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Temporal range: NorianHolocene
Developing spore-bearing frond and several sterile fronds in late spring

Secure  (NatureServe)[4]
Scientific classification Edit this classification
Kingdom: Plantae
Clade: Tracheophytes
Division: Polypodiophyta
Class: Polypodiopsida
Order: Osmundales
Family: Osmundaceae
Genus: Osmundastrum
(C.Presl) C.Presl
Type species
Osmundastrum cinnamomeum
(von Linné 1753) Presl 1848
  • Osmunda (Osmundastrum) Presl 1845

Osmundastrum is genus of leptosporangiate ferns in the family Osmundaceae with one living species, Osmundastrum cinnamomeum, the cinnamon fern. It is native to the Americas and eastern Asia, growing in swamps, bogs and moist woodlands.

In North America it occurs from southern Labrador west to Ontario, and south through the eastern United States to eastern Mexico and the West Indies; in South America it occurs west to Peru and south to Paraguay. In Asia it occurs from southeastern Siberia south through Japan, Korea, China and Taiwan to Myanmar, Thailand and Vietnam. Osmundastrum cinnamomeum has a fossil record extending into the Late Cretaceous of North America, approximately 70 million years ago, making it one of the oldest living plant species.[5][6] The fossil records of the genus extend into the Triassic.


Close-up of the pinnae of a sterile frond
Sterile fronds in late summer

Osmundastrum cinnamomeum is a deciduous herbaceous plant that produces separate fertile and sterile fronds. The sterile fronds are spreading, 30–150 cm (0.98–4.92 ft) tall and 15–20 cm (5.9–7.9 in) broad, pinnate, with pinnae 5–10 cm (2.0–3.9 in) long and 2–2.5 cm (0.79–0.98 in) broad, deeply lobed (so the fronds are nearly, but not quite, bipinnate). The fertile spore-bearing fronds are erect and shorter, 20–45 cm (7.9–17.7 in) tall; they become cinnamon-colored, which gives the species its name. The fertile leaves appear first; their green color slowly becomes brown as the season progresses and the spores are dropped. The spore-bearing stems persist after the sterile fronds are killed by frost, until the next season. The spores must develop within a few weeks or fail.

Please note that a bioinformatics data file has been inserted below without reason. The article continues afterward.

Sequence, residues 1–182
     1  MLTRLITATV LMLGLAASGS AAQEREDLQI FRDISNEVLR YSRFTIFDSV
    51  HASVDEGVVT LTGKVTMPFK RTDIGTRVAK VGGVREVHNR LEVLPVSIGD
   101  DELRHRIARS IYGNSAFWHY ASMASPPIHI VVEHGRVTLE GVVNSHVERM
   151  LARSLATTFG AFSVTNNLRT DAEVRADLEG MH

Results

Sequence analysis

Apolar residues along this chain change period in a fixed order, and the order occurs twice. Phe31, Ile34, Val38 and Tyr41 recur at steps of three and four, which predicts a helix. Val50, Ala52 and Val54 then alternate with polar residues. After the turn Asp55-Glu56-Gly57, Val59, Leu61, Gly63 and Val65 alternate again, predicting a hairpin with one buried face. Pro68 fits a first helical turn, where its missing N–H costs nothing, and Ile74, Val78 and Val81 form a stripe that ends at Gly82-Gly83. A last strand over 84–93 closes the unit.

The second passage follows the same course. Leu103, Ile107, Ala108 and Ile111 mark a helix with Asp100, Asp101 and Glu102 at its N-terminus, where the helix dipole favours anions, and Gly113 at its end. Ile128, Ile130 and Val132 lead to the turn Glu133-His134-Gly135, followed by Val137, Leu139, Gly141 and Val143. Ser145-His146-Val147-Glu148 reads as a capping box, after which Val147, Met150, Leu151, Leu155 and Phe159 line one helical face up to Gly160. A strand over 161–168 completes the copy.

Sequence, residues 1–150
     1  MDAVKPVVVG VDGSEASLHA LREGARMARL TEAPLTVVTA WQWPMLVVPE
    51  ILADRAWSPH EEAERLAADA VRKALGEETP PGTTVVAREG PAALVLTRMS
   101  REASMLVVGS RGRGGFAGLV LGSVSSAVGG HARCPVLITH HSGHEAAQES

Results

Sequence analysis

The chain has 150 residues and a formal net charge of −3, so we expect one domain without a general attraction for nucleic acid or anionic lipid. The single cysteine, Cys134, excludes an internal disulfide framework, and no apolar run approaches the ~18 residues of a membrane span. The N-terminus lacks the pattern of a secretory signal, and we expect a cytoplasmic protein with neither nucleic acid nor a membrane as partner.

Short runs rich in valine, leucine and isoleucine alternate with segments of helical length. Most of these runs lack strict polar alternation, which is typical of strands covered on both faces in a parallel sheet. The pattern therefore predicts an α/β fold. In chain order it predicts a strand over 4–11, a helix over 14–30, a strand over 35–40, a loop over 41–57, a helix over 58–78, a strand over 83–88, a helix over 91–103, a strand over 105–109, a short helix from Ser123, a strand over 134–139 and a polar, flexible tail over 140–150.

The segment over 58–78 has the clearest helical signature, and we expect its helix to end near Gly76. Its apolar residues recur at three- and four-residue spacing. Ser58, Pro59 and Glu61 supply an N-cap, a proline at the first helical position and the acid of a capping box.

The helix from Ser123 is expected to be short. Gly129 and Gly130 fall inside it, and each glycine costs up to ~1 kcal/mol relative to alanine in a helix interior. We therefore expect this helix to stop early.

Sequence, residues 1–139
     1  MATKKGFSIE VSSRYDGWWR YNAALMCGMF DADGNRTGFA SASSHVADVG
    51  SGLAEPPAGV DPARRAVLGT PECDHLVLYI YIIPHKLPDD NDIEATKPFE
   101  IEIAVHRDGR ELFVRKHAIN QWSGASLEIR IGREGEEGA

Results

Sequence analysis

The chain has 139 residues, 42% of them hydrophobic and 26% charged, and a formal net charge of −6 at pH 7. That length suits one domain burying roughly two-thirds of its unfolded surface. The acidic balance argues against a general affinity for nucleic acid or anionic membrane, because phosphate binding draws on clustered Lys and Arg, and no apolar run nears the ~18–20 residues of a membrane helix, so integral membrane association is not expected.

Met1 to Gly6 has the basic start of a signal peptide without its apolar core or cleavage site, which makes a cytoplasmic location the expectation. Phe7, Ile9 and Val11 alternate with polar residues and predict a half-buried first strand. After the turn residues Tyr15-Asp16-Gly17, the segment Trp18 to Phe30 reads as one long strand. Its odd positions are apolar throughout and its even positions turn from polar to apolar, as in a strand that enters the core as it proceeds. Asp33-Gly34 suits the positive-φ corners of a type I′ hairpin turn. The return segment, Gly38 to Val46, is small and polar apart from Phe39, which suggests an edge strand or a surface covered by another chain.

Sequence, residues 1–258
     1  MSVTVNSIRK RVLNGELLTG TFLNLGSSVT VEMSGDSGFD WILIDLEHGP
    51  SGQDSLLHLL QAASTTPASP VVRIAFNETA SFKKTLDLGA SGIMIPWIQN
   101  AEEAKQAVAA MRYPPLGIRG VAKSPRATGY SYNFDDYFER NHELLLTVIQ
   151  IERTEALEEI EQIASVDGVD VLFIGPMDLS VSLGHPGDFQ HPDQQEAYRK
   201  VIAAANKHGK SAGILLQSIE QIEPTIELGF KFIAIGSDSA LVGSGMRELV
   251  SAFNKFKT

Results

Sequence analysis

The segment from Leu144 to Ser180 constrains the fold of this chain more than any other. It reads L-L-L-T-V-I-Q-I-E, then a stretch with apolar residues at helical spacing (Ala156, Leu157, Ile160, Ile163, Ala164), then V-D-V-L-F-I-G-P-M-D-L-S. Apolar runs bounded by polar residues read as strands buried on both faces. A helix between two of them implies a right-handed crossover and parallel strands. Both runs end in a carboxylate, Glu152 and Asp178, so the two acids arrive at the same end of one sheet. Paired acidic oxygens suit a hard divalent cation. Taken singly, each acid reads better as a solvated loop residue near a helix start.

The Osmundastrum cinnamomeum fern forms huge clonal colonies in swampy areas. These ferns form massive rootstocks with densely matted, wiry roots. This root mass is an excellent substrate for many epiphytal plants. They are often harvested as osmunda fiber and used horticulturally, especially in propagating and growing orchids. Cinnamon Ferns do not actually produce cinnamon; they are named for the color of the fertile fronds.


Spore-bearing frond

Traditionally, this plant has been classified as Osmunda cinnamomea L. However, recent genetic and morphological evidence (Metzgar et al. 2008; Jud et al. 2008) clearly demonstrate that the cinnamon fern is a sister species to the entire rest of the living Osmundaceae. Cladistically, it is either necessary then to include all species of the Osmundaceae, including Todea and Leptopteris in the genus Osmunda, or else it is necessary to segregate the genus Osmundastrum. O. cinnamomeum is the sole living species in the genus,[7] although it is possible that some additional fossils should be assigned to Osmundastrum.[8]

Formerly, some authors included the interrupted fern, Osmunda claytoniana, in the genus or section Osmundastrum, because of its gross apparent morphological similarities. However, detailed morphology and genetic analysis have proven that the interrupted fern is actually a true Osmunda. This is borne out by the fact that it is known to hybridize with the American royal fern, Osmunda spectabilis to produce Osmunda × ruggii in a family in which hybrids are rare, while Osmundastrum cinnamomeum has no known hybrids.